Cleft Chin Surgery

Cleft Chin Surgery: What Is It?

A cleft chin is a congenital facial deformity that occurs when one side of the face grows into the other. There are different types of clefts including mandibular (mouth) clefts, palatal (ear) clefts, nasal clefts and orofacial (face) clefts. A cleft may cause some degree of mental retardation, hearing loss, vision problems and other physical defects. Some people with clefts have no symptoms at all.

The term “cleft” refers to the shape of the nose. Most people think that it means a gap between the nostrils, but there are many kinds of clefts which do not involve such a gap. For example, the cleft of the ear is a hole in the middle of each ear. The cleft of the lip is a gap between two teeth. The cleft of the cheekbone is a gap between your upper and lower jaw bones.

And so on…

How Does Cleft Chin Affect Your Life?

People with clefts usually experience social isolation because they cannot form friendships due to their lack of friends. They become suspicious and fearful of others.

They may wonder:

Why don’t I have any friends?”

Why isn’t anyone willing to be with me?”

Do I have bad breath?”

Do I talk too much?”

Do I smell bad?”

These questions can be answered over time. Friendships develop slowly. You might have to talk to people several times before they become willing to be in your company. You may have to try different kinds of dental hygiene and mouthwash to find what works for you. You may have to try different deodorants before you find the one that works.

However, some people with a cleft chin cannot find a friend even after trying their best. This is part and parcel of life. Some people are simply not meant to have friends. This can lead to social anxiety and even depression in some cases.

As you may have guessed, a cleft chin can severely limit your quality of life. It can hurt your confidence and make you feel insecure about yourself. If you’re a teenager, it can also cause problems with your peers. The tormenting from other teenagers can be emotional and physical.

How Can Cleft Chin Be Removed?

A cleft chin can be removed with plastic surgery. During the operation, your surgeon makes a long cut across your chin and stitches it back together after removing the cleft part of your jaw. The incision is usually hidden in your beard if you are a man or in your sideburns if you’re a woman.

The surgery is fairly simple and recovery is fast. The only major side-effect is that you will have a scar across your chin. However, if the cleft is not too deep, the scar may be hidden in your beard or sideburns as mentioned above.

How Much Does It Cost?

Surgery cost can range from $3,000 to $15,000 depending on the surgeon, hospital fees and whether or not you have medical insurance. Costs of medical procedures can be very difficult to predict because there are so many factors to take into consideration. For example, if you have an unusual condition then it may require more time and effort on the surgeon’s part. This may add cost on to the procedure.

If you are uninsured then you may have to pay the full cost out of pocket. But even if you are insured it still possible that you may have to pay a portion of the cost. Before the procedure, you will have to pay a co-payment which will vary depending on your insurance plan.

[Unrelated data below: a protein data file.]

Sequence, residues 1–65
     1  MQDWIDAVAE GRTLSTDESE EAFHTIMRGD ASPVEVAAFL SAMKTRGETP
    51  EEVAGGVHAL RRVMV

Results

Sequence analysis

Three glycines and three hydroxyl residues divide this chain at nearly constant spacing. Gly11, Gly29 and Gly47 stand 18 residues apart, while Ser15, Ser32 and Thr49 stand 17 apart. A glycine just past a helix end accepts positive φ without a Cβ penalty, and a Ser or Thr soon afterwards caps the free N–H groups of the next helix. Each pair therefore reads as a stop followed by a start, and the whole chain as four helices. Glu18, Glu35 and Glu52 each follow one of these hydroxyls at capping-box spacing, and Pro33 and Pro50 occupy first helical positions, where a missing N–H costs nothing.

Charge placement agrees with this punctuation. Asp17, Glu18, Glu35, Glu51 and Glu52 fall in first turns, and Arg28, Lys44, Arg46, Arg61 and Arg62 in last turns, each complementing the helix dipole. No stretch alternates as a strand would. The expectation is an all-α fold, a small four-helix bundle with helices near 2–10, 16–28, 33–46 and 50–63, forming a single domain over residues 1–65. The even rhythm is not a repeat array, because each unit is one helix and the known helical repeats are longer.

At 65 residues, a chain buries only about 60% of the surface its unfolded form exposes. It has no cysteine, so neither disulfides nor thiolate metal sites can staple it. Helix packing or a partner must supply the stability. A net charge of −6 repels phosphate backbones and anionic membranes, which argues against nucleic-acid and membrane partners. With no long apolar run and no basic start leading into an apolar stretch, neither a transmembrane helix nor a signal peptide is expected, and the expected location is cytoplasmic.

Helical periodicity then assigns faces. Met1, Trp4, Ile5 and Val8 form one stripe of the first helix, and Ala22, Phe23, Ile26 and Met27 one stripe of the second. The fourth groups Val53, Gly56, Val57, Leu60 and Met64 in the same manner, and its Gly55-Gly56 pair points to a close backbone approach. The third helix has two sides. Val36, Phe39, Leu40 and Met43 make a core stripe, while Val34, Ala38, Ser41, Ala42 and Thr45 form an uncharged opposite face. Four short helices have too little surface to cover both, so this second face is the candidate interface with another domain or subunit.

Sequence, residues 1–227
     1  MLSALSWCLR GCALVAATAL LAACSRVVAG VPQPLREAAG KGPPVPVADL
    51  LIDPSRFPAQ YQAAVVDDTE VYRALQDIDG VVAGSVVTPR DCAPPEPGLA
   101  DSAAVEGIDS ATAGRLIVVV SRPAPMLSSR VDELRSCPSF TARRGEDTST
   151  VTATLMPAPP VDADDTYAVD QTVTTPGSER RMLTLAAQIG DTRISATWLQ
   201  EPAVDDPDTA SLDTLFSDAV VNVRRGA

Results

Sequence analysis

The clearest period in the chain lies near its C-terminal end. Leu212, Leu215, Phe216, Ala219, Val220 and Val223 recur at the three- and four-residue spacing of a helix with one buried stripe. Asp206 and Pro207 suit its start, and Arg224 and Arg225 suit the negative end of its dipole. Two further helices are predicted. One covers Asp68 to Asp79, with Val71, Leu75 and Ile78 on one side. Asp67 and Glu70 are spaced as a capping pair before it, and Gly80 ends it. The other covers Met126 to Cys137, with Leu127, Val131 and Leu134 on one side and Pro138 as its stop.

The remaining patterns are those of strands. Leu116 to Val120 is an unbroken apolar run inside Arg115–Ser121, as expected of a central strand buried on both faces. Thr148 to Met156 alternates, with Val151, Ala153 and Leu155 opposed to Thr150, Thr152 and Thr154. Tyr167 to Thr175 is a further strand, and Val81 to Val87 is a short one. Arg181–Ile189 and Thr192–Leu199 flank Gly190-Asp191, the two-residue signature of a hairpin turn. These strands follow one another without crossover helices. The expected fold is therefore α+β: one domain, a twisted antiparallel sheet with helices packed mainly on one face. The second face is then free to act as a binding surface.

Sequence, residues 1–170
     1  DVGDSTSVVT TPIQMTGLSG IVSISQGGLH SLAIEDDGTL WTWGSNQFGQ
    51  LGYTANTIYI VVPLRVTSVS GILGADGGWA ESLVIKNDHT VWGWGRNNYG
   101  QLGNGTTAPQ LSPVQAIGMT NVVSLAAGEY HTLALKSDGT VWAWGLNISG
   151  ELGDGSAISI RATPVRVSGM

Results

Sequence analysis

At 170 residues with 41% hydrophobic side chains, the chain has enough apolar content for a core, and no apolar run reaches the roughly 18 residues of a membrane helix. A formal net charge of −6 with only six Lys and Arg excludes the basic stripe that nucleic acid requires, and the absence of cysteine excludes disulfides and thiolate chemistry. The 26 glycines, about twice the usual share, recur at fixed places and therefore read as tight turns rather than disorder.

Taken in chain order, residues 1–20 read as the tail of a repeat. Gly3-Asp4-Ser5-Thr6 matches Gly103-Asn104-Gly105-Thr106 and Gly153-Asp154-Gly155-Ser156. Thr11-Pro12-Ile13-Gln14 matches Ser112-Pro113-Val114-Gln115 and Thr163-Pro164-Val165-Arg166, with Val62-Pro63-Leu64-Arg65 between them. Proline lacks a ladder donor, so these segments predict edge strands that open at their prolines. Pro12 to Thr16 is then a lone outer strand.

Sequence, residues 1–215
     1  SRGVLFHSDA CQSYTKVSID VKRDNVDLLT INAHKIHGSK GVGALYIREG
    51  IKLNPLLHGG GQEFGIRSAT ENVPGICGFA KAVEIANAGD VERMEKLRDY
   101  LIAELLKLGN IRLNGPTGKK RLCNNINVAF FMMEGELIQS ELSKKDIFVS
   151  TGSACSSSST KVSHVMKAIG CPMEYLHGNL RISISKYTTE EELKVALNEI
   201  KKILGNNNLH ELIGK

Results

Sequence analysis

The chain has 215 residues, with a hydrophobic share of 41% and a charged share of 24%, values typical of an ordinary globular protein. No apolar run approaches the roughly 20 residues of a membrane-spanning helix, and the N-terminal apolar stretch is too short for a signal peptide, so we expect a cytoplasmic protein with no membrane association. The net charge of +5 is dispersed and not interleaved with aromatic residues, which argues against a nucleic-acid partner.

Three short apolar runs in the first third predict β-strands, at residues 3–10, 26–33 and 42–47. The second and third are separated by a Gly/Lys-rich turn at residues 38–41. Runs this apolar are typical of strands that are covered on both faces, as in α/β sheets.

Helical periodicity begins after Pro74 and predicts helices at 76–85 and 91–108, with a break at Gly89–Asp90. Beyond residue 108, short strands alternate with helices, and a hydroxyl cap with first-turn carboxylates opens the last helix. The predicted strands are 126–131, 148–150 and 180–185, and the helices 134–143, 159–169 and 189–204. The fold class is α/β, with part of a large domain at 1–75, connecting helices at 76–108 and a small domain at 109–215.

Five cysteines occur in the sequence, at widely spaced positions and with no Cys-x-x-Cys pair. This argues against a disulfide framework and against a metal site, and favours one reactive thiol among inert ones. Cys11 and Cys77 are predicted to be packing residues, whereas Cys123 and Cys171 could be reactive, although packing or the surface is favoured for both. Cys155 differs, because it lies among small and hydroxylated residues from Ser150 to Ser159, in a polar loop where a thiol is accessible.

In either case, the costs can be burdensome.

Is it worth paying such a large sum of money to remove a defect from your face?

That is for you to decide.

What If You Can’t Afford It?

If you are absolutely unable to pay for surgery, there are some options available to you. These options won’t be easy but they are possible.

One option is to live happily without a cleft chin. This may sound difficult but in truth, most people don’t give your cleft chin a second thought. Only you are aware of your condition and this can be a source of great comfort if not relief.

The second option is to live with the condition. It can have a negative impact on your life but only you can decide how much it affects you personally. It’s possible that you may never find a job because of it, but you may also find that people are able to look past your physical appearance in order to see who you truly are on the inside.

The third and final option is to do nothing at all. The cleft chin may cause you pain and anguish for the rest of your life but there is no cure except death. Make peace with yourself and learn how to love the person that you are on the inside even if you don’t like the person that you see in the mirror every morning.

Sources & references used in this article:

Chin surgery: I. Augmentation–the allures and the alerts. by BM Zide, TM Pfeifer, MT Longaker – … and reconstructive surgery, 1999 – europepmc.org

Early secondary bone grafting of alveolar cleft defects: A comparison between chin and rib grafts by WA Borstlap, KLWM Heidbuchel, HPM Freihofer… – … -Maxillofacial Surgery, 1990 – Elsevier

Congenital median cleft of the chin by WJ STEWART – Archives of Surgery, 1935 – jamanetwork.com

Morbidity of chin bone transplants used for reconstructing alveolar defects in cleft patients by A Booij, GM Raghoebar, J Jansma… – The Cleft palate …, 2005 – journals.sagepub.com

Repair of alveolar clefts with recombinant human bone morphogenetic protein (rhBMP-2) in patients with clefts by M Chin, T Ng, WK Tom, M Carstens – … of Craniofacial Surgery, 2005 – journals.lww.com

An ancient Chinese text on a cleft lip by K Boo-Chai – Plastic and reconstructive surgery, 1966 – journals.lww.com

Surgical placement of a chin cleft concomitant with genioplasty. by MR Sher – Journal of Oral Surgery (American Dental Association …, 1980 – europepmc.org

Effect on the contour of bone and soft tissue one year after harvesting chin bone for alveolar cleft repair by EA Dik, AP De Ruiter, A van der Bilt, R Koole – … and maxillofacial surgery, 2010 – Elsevier